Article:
You might think that a Bali Christmas is limited to Christian ex-pats and tourists from places like Australia and the Philippines. But it’s not just surfing Santas and cultural imperialism, though there’s a bit of that too.
Bali is home to some traditionally Catholic enclaves, including Tuka village, where local Catholics live in harmony with their Hindu, Muslim and Buddhist neighbors.
A resident of Tuka describes a typical Bali Christmas in the Jakarta Post:
We adopt Balinese traditional decorations, such as penjor, long bamboo poles adorned with young coconut leaves and other ornaments, which will be placed at the church’s gate.
We have collected money to donate to orphans, the elderly and the needy, regardless their religious background.
The tradition of tolerance and respect has been going on for decades. We usually celebrate Christmas and New Year with all our neighbors.
Sounds nice, doesn’t it? Bali Christmas is also a bit different on the popular Kota Beach, where a Filipino beer company has erected “Bali’s largest Christmas tree”.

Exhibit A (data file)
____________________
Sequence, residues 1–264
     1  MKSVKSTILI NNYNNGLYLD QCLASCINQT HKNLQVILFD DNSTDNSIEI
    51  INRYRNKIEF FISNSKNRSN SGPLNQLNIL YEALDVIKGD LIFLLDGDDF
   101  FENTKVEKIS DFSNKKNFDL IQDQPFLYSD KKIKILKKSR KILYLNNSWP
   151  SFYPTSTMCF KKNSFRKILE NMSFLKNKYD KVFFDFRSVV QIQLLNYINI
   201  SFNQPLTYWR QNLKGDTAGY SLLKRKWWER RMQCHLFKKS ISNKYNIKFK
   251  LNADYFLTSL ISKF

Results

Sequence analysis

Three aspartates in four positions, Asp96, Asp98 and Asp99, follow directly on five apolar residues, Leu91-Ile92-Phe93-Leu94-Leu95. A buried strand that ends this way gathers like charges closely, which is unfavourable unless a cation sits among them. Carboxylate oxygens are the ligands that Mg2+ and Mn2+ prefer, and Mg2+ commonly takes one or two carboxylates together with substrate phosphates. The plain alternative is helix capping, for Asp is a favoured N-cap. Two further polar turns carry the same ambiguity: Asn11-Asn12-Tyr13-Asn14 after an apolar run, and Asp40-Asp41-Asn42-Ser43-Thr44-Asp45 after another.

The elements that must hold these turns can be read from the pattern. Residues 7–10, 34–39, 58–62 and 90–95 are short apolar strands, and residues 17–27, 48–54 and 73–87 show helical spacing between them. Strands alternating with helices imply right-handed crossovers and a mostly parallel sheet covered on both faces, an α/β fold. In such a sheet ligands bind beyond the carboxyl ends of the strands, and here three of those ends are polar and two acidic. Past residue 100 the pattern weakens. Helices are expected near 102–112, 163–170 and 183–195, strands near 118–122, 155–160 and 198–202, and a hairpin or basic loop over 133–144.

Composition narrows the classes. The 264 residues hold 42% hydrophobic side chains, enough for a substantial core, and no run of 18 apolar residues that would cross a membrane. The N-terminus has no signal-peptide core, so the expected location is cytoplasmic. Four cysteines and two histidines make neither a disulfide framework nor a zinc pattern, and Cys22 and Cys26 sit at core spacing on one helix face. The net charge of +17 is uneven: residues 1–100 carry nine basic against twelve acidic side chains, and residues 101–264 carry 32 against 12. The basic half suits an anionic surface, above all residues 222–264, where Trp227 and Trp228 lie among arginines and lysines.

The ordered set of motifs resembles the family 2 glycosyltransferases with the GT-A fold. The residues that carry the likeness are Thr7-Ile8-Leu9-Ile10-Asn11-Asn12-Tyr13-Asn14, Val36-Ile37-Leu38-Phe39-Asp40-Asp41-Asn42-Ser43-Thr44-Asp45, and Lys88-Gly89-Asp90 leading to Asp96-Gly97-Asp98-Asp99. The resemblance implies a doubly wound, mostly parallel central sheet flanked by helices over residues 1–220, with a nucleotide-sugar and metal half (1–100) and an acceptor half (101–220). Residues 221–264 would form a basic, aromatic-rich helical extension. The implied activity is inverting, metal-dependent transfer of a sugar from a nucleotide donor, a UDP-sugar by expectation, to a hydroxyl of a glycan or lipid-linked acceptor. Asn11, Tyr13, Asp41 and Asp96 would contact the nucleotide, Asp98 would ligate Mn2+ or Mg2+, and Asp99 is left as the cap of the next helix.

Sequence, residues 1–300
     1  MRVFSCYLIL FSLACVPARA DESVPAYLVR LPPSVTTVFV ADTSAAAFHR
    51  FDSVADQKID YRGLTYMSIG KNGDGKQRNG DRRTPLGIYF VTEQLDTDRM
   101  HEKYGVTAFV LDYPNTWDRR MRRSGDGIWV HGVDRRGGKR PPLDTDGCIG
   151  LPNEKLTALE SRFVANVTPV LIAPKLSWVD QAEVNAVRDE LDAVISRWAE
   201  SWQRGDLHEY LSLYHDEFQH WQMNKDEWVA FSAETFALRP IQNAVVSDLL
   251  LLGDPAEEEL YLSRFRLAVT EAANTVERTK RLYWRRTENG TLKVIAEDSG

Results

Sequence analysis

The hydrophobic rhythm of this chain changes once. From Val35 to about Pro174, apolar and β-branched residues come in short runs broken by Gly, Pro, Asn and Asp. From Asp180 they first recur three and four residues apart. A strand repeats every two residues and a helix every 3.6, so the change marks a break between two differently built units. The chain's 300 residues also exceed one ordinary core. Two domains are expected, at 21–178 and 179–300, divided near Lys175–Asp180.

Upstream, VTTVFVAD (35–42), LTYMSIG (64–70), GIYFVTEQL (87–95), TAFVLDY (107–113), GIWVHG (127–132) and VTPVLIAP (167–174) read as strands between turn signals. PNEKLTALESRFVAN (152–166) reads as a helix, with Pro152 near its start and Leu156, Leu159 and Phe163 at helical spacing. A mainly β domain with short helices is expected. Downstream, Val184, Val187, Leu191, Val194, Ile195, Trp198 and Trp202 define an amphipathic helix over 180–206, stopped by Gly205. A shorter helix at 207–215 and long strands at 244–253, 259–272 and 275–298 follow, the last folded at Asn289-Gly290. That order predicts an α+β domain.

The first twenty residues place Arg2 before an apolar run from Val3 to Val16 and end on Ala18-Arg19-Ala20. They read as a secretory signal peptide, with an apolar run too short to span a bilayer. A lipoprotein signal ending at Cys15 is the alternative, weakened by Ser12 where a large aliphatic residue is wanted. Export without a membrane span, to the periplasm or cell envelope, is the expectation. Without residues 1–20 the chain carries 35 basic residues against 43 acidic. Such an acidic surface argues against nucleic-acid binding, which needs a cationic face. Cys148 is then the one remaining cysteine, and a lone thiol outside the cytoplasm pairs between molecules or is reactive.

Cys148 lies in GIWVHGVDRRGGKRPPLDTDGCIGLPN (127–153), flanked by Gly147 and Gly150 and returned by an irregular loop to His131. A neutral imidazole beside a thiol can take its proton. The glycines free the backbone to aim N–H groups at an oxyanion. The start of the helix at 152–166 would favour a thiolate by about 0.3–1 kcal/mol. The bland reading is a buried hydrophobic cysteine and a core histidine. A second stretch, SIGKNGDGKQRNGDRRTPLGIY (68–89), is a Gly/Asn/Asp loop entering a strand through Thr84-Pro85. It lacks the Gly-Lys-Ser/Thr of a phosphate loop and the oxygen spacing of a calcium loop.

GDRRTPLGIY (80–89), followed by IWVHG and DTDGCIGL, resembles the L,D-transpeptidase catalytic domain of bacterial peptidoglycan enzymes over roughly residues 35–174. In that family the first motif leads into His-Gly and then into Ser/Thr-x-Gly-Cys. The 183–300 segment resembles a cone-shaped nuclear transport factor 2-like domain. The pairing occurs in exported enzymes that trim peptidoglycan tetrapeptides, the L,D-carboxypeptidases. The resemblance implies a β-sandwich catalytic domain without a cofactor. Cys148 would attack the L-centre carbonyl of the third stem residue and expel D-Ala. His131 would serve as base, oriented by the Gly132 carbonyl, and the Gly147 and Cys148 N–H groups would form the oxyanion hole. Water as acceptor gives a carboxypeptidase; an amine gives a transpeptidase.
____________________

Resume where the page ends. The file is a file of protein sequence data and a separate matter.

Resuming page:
From the Inquirer (Philippines):
With the Christmas tree as the centerpiece, holiday merrymaking at Kota Beach included a blood-letting activity, beach cleanup and singing of Christmas carols by schoolchildren.
After the Christmas season, the empty cans from the tree will be sold to help fund the activities of the surrounding community.
I love how a “blood-letting activity” was just casually inserted into a Bali Christmas article along side a beach cleanup and kids singing carols. I think I’d like a bit more explanation about the blood-letting activity, but no, I’ll just have to leave it to my imagination. Actually I think in the Philippines donating blood is sometimes referred to as blood-letting or bloodletting, so it’s all in the spirit of giving, though I still wouldn’t classify that as “holiday merrymaking, but that’s just me.